Wills, Trusts & Estates Prof Blog

Editor: Gerry W. Beyer
Texas Tech Univ. School of Law

Thursday, March 30, 2006

Probate Lawyer Exercised Undue Influence on His Parents

A judge in Long Island, New York recently ruled that Edward F. Campbell, Jr., a Manhattan probate attorney, exercised undue influence over his parents and used his superior legal skills to convince them to enter into an unwise transaction.

See Anthony Lin, Lawyer's Purchase of Home From Parents Found Too Good to Be True, N.Y.L.J.,
March 30, 2006, who reports:

For no down payment and a mere $1,000 a month, he was assigned the deed to a seven-bedroom house sitting on two wooded acres in a village where the median home sale price has been close to $2 million in recent years.  * * *

The purchase agreement provided that Campbell's parents, Edward Sr. and Lucy, could continue to live in the house for the rest of their lives, cared for by their son and daughter-in-law, Carol.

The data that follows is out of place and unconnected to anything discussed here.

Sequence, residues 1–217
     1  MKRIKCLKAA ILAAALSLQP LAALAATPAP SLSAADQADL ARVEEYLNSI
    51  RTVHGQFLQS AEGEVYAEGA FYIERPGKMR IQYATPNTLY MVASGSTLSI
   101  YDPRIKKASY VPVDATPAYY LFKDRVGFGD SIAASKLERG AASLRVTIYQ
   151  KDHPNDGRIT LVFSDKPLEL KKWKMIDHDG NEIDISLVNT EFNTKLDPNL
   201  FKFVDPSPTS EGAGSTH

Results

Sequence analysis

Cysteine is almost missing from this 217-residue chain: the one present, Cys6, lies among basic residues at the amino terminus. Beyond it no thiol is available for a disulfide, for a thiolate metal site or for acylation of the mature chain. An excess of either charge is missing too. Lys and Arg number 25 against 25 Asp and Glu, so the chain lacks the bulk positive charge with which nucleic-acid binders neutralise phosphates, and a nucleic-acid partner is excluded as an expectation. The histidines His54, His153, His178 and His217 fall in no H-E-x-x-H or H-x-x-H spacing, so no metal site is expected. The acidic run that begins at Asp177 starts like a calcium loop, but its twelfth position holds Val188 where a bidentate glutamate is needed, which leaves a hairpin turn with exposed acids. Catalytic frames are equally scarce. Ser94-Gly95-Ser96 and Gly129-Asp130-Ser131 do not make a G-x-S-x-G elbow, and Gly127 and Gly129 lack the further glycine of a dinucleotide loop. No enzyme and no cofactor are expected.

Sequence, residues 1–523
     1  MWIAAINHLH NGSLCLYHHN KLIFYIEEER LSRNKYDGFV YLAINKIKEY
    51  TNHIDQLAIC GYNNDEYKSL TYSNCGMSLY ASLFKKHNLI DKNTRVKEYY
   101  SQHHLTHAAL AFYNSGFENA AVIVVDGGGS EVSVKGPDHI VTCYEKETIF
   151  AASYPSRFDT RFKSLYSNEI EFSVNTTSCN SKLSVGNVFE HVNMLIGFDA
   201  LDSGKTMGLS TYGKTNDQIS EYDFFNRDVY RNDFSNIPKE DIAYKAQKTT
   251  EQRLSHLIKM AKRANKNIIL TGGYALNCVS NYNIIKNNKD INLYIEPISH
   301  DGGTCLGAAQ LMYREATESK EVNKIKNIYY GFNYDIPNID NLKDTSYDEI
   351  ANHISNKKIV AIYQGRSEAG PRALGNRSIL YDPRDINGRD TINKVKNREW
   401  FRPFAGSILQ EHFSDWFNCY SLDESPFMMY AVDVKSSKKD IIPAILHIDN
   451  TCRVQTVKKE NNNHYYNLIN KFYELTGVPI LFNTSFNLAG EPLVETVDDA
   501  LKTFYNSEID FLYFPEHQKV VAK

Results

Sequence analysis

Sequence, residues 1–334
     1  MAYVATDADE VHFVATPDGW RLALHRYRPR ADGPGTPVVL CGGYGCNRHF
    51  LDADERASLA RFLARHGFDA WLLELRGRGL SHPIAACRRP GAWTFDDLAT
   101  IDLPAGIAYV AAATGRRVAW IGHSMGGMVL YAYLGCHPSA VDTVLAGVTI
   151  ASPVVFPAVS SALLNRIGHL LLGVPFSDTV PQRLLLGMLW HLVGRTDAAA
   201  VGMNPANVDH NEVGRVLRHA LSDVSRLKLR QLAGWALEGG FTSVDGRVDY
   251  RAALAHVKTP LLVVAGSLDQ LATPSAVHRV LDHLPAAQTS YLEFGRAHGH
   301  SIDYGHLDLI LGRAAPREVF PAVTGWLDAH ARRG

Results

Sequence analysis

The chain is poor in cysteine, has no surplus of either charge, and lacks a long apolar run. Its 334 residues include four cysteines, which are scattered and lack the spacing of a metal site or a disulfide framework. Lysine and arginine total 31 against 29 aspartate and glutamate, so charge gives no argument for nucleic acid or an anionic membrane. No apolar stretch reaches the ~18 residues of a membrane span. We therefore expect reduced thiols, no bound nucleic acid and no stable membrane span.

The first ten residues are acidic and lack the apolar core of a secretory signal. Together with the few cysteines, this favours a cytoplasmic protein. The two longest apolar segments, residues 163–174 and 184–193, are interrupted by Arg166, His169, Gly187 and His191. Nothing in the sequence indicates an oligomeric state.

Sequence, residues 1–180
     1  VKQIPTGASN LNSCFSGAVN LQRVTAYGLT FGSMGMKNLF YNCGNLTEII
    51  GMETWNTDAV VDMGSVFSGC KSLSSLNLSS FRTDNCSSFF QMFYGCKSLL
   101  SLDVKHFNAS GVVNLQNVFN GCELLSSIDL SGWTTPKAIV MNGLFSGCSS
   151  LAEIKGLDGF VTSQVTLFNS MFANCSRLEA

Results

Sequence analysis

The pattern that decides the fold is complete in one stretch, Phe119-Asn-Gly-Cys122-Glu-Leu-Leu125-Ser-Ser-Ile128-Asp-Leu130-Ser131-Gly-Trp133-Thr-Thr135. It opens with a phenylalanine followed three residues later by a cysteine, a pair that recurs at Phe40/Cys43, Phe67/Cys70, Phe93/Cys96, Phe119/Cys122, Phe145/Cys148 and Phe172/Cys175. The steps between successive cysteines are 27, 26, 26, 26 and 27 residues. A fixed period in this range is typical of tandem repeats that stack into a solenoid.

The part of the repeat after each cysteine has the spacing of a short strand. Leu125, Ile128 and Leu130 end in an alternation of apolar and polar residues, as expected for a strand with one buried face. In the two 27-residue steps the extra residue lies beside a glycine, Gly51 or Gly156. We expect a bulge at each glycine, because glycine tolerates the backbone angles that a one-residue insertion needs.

In their complaint, the elder Campbells claimed the arrangement had rendered them "virtual prisoners in their bedroom" who were "fed sandwiches for dinner" and denied air conditioning in the summer. * * *

Edward Jr., the oldest of nine children, also asked all of his living siblings to sign a release form agreeing not to sue over the agreement. The judge said it was significant that he did not also circulate a copy of the purchase agreement for his siblings to review.

[The parents' lawyer] said there was a history of strife within the family. He said Edward Jr. had cut off contact with his parents for most of the 1980s, apparently over their decision to invite a certain relative to the christening of one of Edward Jr.'s children. They did not speak again until the funeral of one of Edward Jr.'s brothers.

The judge seemed to reference the origins of the family strife in noting the unfairness of the purchase agreement in requiring the elder Campbells to seek permission to entertain guests in the house while placing no similar restrictions on Edward Jr.'s family.

Special thanks to Prof. Paul Caron (Tax Professor Blog) for bringing this case to my attention.


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